See P. Redding, The Logic of Affect, Ithaca and London 1999, p. 141, 143. Hegel, Werke, (note 1), Vol. 10, 418 and 448 speak against this interpretation. Hegel, Werke, (note 1), Vol. 10, p. 252 ( 448 Zusatz) speaks for it: it is intuition that makes the shifting away of sensation from us, a transformation of the sensed into an object which is given outside us.
22 21

subsistent thing produces in the subject. 23 Or, as Hegel puts it, one needs attention, the abstract identical direction of spirit in feelings [] without which nothing has being for it. 24 As this formulation suggests, anything has being for a subject only as a result of the synthesis of sensations (or feelings) that attention brings about. That something is for a subject, means that the subject is conscious of it. 25 Note that all of the activities of spirit as theoretical really are activities (Ttigkeitsweisen) and that as such they are interconnected with the subjects practical or volitional life in general with what motivates and directs the subject. It is consequent to think that what motivates the object-synthesizing attention of the primitive subject is the felt physiological need, and what gives it direction is instinct. It is something in the sight, sound, or smell of an object that instinctively draws the attention of the primitive subject into one identical direction, focuses and synthesizes the deliverances of all its relevant senses and so it grasps a desirable object as a singular unit in some specific location in space and enduring in time. Now it can satisfy its needs like animals do.

III Obviously, a cultivated human being is capable of much more than the primitive desiring intentionality of the .-level. In the .-chapters of Phenomenology and Psychology Hegel discusses intersubjectively mediated and propositional aspects of intentionality and the corresponding cognitive-volitional mental activities. Assuming that these are exclusively human capacities, it is thus first here that an exclusively human form of consciousness is at issue. On Hegels holistic principles, once more elaborate levels of consciousness are at place, they will mediate the .level too. Hence the level of primitive object-constitution that in animals and young human infants takes place instinctively is in cultivated humans infused with thinking. 26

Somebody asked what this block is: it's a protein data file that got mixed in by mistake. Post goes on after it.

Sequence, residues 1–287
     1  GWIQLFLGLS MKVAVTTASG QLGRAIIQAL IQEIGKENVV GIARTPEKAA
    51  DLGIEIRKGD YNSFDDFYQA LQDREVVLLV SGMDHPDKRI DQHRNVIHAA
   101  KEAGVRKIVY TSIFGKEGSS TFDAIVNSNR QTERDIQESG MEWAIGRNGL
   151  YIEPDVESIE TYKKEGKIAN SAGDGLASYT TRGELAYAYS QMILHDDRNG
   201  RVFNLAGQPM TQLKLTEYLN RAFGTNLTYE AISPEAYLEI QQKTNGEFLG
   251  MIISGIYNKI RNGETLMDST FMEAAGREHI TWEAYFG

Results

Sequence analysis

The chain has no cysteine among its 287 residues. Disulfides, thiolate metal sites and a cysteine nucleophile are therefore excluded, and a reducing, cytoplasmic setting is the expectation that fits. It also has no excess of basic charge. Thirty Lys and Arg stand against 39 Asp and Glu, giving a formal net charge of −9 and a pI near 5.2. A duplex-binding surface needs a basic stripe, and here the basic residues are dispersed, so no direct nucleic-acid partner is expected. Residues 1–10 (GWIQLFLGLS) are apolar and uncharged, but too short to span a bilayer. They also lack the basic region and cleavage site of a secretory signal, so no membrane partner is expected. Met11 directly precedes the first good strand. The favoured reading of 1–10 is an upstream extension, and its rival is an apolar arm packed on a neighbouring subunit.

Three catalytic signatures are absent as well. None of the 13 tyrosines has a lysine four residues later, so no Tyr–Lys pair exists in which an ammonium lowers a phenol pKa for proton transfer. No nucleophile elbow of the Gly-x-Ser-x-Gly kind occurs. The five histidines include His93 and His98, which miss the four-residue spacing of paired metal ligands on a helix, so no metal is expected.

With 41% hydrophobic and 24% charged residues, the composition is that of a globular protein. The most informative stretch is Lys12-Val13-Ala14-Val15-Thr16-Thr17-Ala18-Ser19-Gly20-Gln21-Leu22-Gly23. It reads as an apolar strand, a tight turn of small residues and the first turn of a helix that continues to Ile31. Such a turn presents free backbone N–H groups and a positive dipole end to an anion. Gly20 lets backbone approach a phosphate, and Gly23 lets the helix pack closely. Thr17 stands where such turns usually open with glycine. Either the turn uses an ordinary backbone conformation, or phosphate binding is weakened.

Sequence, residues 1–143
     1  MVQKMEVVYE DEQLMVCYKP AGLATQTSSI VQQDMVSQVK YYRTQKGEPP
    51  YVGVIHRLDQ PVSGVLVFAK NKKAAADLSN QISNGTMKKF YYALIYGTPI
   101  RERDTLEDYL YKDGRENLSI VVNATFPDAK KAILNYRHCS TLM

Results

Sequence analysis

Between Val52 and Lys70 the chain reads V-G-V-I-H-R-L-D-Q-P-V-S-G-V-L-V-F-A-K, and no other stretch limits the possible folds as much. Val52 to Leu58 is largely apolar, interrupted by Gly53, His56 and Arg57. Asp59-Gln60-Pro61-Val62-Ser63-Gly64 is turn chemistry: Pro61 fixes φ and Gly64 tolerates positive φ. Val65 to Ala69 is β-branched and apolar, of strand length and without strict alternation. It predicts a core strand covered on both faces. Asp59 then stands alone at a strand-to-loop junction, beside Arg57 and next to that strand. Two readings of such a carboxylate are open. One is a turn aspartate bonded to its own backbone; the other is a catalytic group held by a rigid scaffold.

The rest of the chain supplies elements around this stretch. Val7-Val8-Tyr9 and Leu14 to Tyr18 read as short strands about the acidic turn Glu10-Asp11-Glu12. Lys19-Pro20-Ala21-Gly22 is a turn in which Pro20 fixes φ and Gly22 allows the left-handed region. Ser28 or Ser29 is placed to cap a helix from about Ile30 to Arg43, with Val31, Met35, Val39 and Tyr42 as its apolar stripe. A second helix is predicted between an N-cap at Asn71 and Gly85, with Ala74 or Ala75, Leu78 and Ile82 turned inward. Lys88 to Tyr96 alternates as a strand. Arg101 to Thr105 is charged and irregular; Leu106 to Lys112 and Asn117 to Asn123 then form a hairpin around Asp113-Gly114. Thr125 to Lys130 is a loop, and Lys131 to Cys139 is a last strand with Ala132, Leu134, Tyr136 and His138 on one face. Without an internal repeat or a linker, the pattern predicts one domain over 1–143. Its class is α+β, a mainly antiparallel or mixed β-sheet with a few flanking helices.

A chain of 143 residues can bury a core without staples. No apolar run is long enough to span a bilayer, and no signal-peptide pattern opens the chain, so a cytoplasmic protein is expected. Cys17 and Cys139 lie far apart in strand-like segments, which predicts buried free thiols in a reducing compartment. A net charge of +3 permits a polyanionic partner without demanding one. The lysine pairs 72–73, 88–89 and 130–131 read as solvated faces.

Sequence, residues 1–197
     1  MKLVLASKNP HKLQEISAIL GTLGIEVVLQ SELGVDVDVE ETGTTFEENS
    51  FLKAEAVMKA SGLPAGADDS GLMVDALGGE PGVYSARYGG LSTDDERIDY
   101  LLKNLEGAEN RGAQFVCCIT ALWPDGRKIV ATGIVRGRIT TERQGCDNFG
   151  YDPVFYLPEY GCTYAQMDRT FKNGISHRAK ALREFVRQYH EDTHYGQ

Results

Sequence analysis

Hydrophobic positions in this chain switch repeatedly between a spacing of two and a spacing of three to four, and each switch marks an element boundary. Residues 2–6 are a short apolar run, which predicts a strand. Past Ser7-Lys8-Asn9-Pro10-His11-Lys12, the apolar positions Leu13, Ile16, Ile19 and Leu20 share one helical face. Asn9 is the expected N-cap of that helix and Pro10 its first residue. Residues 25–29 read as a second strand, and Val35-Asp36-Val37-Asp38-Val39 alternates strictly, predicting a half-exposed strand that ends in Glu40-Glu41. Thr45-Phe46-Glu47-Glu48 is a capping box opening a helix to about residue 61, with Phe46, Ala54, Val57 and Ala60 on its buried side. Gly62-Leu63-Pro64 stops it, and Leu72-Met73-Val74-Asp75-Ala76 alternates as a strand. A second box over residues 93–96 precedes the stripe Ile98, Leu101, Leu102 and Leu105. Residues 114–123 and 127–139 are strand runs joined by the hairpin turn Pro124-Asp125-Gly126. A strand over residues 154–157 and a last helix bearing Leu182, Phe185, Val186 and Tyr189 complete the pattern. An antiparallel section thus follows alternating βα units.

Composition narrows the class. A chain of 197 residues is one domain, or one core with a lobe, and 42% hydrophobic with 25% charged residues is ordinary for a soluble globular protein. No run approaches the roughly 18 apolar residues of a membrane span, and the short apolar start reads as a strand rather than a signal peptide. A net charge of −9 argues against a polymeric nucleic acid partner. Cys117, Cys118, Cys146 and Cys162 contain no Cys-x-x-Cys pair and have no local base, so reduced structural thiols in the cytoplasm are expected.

Hegel, Werke, (note 1), Vol. 10, 448 speaks against this interpretation. Hegel, Vorlesungen (note 4), p. 194-5 speaks for it: Space and time are the forms of the sensible, forms of intuition. [] They are [] ideal forms that do not belong to determinations of feeling as such. This is the activity of intelligence, attention to self, the act that posits this content outside of itself in order to make itself free. [emphasis H.I.] 24 Ibid., p. 249. 25 In contrast, sensations are identical with the subject, not something for it. 26 The same happens to sensations.


Does the distinction between instinctual and thinking mental activities then provide a clear-cut demarcation between humans and animals, or to be more exact, between animals and uncultivated humans on the one hand, and cultivated humans on the other. Hardly. All of the more elaborate cognitive activities discussed in Psychology, as well as the corresponding aspects of intentionality discussed in Phenomenology, take learning and habituation. 27 Simply put: cultivation (Bildung) is a gradual process. When fully explicated, the demarcation of humans from animals in terms of thinking will not turn out to be any simpler a matter than the demarcation in terms of consciousness. 28

Dr Heikki Ikheimo 5/20 Tranmere street 2047 Drummoyne New South Wales, Australia

The form of habit covers all kinds and levels of the activity of spirit (Hegel, Werke, (note 1), Vol. 10, p. 186). In the most general sense thinking covers not only what Hegel discusses at the end of Theoretical spirit in chapter Thinking (C.a..), but is a general name for all of the cognitive activities discussed in Psychology. On the theoretical ones, see C. Halbig, Objektives Denken: Erkenntnistheorie und Philosophy of Mind in Hegels System. Stuttgart-Bad Cannstatt 2002. 28 Hegel explicitly acknowledges, on the one hand, that the I comes about in children in an empirically graded way (Hegel, Vorlesungen (note 2), p. 160), and, on the other hand, that instinct allows for degrees, so that it is at its strongest in simple animals and weaker in more developed animals (Hegel, Philosophy of Nature, (ed. M.J. Petry), Volume III, London and New York 1970, p. 167). One is reminded of Hegels notorious remarks about Africans, the gist of which is that both their subjective capacities and their objective form of life are somewhere between the animal and the fully human. We may ignore Hegels empirical views about Africans but take in the philosophical implication: the distinction between the animal and the human is not only individually, but also collectively, a matter of degree.